Archive for February 23rd, 2011

Why prices of Brent and WTI oil differ?

February 23, 2011

It is like understanding why similar security prices differ across exchanges..

James Hamilton explains the recent widening spread between Brent and WTI crude oil prices.


RBI’s capital account management framework

February 23, 2011

RBI Deputy governor Shyamala Gopinath sums up the topic nicely in this speech. It has been gradual, based on feeling teh stones while crossing the river approach. As it has worked in the past, it is expected to be like this going forward as well.

She begins the speech tracking changes in thinking on capital account management as controls are more welcome now than in the past. Havings said that research shows cacontrols on inflows are more useful than outflows.

What is India’s approach? It has relied on using capital account to promote stability.

The policy approach in India to the issue of capital flows has evolved from the broader objective of maintaining financial and macroeconomic stability and not merely addressing the singular variable of exchange rate. The salient elements of this framework have been:

  1. an explicitly stated active capital account management framework,  based on the policy stance of encouraging non-debt creating and long-term capital inflows and discouraging debt flows;
  2. having the policy space to use multiple instruments – quantitative limits, price based measures as well as administrative measures, particularly for foreign currency borrowing by corporates;
  3. short term debt permitted only for trade transaction;
  4. avoiding the ‘original sin’ of excessive foreign currency borrowings by domestic entities, particularly the sovereign;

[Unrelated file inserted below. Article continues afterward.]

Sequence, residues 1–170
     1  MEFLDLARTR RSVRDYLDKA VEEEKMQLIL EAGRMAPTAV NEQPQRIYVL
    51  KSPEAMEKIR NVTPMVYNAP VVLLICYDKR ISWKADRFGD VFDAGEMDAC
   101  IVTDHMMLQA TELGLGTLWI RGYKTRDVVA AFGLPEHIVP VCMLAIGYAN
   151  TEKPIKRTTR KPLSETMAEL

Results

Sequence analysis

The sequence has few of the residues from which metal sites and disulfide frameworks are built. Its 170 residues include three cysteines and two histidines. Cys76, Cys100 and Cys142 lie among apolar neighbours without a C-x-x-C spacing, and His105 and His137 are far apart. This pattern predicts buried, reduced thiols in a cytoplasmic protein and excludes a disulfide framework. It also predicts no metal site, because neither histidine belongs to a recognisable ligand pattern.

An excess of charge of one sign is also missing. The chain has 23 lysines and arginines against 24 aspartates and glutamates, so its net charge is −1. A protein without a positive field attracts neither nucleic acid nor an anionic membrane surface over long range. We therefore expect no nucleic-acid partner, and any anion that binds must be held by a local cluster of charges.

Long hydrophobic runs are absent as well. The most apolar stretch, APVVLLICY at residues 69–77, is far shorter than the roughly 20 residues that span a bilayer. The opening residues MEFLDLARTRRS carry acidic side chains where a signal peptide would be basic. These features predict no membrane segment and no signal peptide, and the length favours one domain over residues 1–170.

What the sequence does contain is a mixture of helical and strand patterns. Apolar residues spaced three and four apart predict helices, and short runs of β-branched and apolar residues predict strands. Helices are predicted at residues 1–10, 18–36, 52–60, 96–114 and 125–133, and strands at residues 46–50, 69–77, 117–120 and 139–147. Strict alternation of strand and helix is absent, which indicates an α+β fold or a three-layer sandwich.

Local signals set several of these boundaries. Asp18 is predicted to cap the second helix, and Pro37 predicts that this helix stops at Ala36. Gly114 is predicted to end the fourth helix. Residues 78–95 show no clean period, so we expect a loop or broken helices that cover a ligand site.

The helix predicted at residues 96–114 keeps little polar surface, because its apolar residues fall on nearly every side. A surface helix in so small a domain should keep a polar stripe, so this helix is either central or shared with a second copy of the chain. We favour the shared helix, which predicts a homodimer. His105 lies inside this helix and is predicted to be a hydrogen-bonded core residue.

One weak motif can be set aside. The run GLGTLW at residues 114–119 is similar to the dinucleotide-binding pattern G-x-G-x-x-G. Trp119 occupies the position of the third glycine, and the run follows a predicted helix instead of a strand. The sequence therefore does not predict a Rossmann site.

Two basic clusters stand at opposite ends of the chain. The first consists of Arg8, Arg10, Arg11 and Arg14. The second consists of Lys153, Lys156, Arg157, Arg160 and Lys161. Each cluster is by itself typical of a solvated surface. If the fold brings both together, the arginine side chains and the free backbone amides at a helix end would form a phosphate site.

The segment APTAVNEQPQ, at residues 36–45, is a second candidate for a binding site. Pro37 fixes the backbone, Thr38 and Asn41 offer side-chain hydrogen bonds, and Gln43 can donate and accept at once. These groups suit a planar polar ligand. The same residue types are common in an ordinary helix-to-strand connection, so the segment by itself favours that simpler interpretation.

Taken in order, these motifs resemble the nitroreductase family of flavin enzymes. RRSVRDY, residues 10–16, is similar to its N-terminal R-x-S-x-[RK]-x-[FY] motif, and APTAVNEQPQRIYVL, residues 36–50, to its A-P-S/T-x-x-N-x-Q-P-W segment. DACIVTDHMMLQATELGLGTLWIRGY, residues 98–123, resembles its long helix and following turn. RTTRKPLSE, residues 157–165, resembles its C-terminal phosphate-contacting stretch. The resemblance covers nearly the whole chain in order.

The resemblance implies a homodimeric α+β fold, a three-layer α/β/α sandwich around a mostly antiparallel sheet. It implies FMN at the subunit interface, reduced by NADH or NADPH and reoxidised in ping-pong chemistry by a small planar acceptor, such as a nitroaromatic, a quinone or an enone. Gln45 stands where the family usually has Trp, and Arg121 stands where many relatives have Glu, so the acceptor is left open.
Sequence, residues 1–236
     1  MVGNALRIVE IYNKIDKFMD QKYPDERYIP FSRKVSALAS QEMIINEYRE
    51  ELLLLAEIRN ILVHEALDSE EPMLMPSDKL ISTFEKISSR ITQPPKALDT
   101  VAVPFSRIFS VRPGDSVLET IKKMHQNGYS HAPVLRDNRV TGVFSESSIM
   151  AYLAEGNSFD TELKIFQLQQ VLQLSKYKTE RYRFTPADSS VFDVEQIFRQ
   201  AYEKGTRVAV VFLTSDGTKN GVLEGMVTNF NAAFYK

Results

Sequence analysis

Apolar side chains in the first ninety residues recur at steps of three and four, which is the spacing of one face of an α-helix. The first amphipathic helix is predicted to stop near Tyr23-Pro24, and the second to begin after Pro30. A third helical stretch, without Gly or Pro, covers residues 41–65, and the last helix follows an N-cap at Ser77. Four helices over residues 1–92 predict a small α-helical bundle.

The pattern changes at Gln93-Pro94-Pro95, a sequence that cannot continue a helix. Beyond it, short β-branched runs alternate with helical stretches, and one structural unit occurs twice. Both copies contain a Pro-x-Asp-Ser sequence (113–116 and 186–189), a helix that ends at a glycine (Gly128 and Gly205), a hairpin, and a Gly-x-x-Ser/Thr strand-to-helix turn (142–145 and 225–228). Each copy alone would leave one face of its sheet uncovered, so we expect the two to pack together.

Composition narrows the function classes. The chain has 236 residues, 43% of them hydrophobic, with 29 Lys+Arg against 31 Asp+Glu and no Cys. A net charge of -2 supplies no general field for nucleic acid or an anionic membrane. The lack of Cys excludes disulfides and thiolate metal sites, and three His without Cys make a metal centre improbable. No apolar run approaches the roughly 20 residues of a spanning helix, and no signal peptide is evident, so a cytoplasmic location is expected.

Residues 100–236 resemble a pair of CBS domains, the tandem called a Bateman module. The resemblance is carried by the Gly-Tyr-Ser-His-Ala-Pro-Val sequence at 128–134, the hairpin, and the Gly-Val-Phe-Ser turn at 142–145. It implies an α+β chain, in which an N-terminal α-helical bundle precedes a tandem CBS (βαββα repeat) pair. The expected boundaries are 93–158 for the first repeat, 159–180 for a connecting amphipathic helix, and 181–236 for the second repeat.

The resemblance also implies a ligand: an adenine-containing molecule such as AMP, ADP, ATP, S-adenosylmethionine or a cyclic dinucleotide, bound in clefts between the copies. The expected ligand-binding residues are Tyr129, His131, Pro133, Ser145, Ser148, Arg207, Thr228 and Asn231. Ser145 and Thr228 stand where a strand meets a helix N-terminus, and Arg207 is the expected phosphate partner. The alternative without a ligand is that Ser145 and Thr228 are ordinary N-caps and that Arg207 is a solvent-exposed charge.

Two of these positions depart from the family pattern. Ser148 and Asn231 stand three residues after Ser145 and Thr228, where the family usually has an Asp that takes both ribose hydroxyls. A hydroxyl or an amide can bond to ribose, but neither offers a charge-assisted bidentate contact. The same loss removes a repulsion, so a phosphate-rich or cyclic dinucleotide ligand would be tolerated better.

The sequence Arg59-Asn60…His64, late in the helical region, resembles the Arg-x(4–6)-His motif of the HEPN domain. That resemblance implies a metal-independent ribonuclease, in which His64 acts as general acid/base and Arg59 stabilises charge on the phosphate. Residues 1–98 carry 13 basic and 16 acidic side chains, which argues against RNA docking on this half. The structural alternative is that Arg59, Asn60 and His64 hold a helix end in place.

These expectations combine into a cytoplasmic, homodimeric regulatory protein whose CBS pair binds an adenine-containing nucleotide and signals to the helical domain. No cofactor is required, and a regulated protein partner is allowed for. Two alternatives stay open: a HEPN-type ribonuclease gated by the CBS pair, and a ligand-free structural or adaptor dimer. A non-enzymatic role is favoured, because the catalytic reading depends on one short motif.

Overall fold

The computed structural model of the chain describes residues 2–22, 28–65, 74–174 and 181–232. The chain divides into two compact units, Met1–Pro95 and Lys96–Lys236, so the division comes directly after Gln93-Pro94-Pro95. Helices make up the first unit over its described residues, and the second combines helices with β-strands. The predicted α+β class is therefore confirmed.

5. prudential regulations to prevent excessive dollarization of balance sheets of financial sector intermediaries, particularly banks;
  6. cautious approach to liability dollarisation by domestic entities and  
  7. significant liberalization of permissible avenues for outward investments for domestic entities.

She then looks at the recent trends and shows how flows have increased in recent years. Within inflows, which kind of flows have been more? She points to an IMF study which shows exchange rate appreciation differs by types of flow. Portfolio investments, which are more volatile, have the highest appreciation effect, followed by FDI and bank loans. Since these flows are potentially related to an increase in productive capacity, the real appreciation associated with FDI and bank loans is barely one-seventh of the real appreciation due to portfolio investments. Private transfers (mainly remittances) are the flows that have the least appreciation effect. This may suggest that remittances are not procyclical.

In India’s case, FII equity flows have been dominant which in past led to RBI intervening to prevent appreciation. This year the intervention has been very limited.

Then Governor looks at issues of opening up equity ann debt markets to foreign flows. We need to invite more FDI flows and limit debt flows. The speech is summed as: